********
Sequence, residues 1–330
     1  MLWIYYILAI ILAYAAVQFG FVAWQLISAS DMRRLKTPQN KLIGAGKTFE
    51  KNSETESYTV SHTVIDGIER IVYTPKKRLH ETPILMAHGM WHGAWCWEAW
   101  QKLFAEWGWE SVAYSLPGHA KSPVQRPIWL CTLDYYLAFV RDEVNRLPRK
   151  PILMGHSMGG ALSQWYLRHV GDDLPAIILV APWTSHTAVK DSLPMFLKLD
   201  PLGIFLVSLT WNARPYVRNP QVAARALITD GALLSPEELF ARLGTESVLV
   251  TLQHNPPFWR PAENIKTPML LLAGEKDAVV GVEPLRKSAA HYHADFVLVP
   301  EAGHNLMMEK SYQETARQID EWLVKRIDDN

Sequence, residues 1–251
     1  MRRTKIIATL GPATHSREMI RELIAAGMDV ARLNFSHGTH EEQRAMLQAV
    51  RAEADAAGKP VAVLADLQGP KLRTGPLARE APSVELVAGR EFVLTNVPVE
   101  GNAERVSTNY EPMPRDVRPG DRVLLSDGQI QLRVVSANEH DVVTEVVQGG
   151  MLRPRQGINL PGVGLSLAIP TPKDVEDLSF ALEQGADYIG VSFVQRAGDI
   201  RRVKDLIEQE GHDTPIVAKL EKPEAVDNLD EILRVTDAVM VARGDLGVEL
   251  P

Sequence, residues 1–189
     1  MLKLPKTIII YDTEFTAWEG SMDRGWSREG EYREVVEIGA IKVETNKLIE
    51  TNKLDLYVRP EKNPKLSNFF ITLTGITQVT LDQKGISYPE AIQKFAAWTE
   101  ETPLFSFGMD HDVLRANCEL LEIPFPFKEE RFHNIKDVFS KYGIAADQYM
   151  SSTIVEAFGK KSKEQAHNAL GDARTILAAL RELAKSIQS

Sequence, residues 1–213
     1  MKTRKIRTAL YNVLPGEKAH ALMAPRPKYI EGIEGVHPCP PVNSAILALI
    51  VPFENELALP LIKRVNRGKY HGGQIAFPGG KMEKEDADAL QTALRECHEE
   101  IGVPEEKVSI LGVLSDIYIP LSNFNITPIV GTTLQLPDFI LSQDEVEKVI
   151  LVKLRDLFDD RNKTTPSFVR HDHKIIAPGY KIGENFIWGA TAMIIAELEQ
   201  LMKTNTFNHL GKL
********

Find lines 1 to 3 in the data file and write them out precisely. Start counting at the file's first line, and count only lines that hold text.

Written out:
Sequence, residues 1–330
     1  MLWIYYILAI ILAYAAVQFG FVAWQLISAS DMRRLKTPQN KLIGAGKTFE
    51  KNSETESYTV SHTVIDGIER IVYTPKKRLH ETPILMAHGM WHGAWCWEAW